Today we’re ringing in the New Year with a web rove by our nonfiction editor, Lindsay Tigue.
This holiday break, my online reading has mostly consisted of poetry. I usually fall down a poem rabbit hole; I search out all of the pieces published online by a certain writer and then realize I should just order their collection.
One poet I recently stumbled across in this manner is Nick Lantz. His poems rely on historical research, but they associate to surprising emotional cores. His poems do something I try to do, weaving in facts and the heart of some story, some core feeling at the very bottom of an informative poem.
Nick Lantz has two published collections of poetry We Don’t Know We Don’t Know which won the Bakeless Prize, and The Lightning That Strikes The Neighbors House. In We Don’t Know We Don’t Know, Lantz explores the way politics degrades language.
I couldn’t decide which of poems to share, so here are four that can be read online:
“What We Know of Death by Drowning”
“Will There Be More Than One ‘Questioner’?”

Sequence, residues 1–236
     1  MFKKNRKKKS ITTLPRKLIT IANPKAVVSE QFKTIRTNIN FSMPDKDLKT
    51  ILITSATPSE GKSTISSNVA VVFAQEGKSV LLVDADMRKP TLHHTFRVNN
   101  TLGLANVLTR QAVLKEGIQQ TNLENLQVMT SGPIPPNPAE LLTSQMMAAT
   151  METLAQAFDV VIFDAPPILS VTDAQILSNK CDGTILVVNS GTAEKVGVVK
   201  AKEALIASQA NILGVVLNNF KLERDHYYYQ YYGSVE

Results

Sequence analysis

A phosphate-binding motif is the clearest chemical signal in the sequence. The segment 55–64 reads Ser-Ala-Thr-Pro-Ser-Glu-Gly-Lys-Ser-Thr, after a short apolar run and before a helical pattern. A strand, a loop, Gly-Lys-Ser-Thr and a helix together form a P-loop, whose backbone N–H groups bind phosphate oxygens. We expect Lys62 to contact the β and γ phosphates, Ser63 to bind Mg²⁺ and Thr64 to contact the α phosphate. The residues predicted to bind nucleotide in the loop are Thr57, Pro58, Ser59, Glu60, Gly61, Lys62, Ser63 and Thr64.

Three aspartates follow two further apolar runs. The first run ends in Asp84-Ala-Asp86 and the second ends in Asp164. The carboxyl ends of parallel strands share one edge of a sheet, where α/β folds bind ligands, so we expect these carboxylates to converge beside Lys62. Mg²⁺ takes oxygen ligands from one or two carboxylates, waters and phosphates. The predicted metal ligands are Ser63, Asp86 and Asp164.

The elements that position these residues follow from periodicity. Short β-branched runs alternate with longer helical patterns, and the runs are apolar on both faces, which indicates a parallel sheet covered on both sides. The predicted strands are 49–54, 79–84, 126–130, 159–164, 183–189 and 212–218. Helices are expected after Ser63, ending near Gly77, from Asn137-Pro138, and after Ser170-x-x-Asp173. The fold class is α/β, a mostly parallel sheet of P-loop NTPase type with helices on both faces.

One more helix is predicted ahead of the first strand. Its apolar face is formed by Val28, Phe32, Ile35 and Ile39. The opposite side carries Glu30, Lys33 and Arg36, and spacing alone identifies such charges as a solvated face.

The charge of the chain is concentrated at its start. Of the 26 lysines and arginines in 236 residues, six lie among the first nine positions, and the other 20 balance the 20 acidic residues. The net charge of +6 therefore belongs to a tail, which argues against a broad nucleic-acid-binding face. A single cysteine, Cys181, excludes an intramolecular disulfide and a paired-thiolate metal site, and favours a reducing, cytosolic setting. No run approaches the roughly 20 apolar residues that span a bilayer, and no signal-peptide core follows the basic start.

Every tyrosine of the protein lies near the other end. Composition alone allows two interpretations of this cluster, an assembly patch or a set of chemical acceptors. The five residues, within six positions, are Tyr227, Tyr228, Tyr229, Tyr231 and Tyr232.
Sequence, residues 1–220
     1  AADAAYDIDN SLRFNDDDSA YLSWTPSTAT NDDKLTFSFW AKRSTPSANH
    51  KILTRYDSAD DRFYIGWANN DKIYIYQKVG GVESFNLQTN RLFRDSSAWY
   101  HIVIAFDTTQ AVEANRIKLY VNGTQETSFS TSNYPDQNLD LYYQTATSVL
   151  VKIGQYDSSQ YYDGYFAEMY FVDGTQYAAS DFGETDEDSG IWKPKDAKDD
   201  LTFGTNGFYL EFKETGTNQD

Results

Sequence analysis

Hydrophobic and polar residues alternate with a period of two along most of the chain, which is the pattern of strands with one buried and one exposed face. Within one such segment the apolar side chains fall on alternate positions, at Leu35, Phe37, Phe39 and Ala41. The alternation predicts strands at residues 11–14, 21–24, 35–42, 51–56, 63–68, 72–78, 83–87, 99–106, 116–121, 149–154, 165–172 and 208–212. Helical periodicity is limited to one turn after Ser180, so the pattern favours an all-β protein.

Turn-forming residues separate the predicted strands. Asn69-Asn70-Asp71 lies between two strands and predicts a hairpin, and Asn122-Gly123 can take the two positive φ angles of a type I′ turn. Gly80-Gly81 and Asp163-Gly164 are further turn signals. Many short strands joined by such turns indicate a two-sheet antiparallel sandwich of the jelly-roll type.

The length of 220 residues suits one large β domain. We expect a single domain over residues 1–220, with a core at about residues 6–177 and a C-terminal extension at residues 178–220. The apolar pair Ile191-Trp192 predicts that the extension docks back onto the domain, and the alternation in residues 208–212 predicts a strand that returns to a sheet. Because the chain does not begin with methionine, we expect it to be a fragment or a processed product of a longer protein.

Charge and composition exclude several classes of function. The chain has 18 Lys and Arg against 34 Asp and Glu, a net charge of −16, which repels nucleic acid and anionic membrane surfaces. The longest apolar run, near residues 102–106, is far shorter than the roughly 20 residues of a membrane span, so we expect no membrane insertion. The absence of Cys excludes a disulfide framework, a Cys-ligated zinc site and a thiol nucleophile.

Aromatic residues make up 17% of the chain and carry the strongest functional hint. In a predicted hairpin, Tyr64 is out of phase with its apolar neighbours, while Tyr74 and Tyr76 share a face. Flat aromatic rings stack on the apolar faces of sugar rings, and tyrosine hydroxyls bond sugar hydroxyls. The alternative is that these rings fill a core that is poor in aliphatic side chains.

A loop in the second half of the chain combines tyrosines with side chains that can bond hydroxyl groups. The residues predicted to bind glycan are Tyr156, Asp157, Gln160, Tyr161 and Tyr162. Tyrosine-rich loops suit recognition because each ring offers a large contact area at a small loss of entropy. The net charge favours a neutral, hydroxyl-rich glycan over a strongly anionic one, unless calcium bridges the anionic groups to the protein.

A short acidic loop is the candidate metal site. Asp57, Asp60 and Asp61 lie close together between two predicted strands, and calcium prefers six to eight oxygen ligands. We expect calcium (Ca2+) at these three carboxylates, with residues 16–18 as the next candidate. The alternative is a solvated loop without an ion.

“The Year We Blew Up the Whale—Florence, Oregan.”
I’ve also been reading some of those inexhaustible year-end best-of book lists lately, particularly which poetry collections people think top 2012. One collection that appeared on some lists was Rebecca Lindenberg’s debut collection, Love: An Index, a book she wrote about her relationship with poet Craig Arnold, who disappeared while hiking a volcano in Japan in 2009. In an interview with The Believer, Lindenberg talks about the seemingly daunting task of writing a love story. She says, “I wanted to write love poems in a poetic and academic culture that insists love poetry is ‘soft,’ sentimental stuff. The kind of stuff girls like. Of course, anybody who’s read anything knows the tradition of the love lyric is much more than that—it’s economic, political, rebellious, religious, clever, kinky, psychologically slippery, deeply humane.” She talks about how adopting the form of an index helped her “render both the passionate and intellectual aspects of a love story.”
After reading about Lindenberg’s book, I started reading poems by both her and Craig Arnold and thinking about the challenges of writing about love. In the article “How to Write Love Poems” on the Poetry Foundation website, Arnold discussed, in 2009, the pitfalls and rewards of writing one of the most universal human emotions. He said, “Let’s face it, nobody in love is original. We all feel and do pretty much the same things, make fools of ourselves in the same ways, and hopefully come through it alive and well and happily in bed with someone else. But that’s also precisely the appeal of love poetry, the intensely humbling nature of the experience it tries to describe.”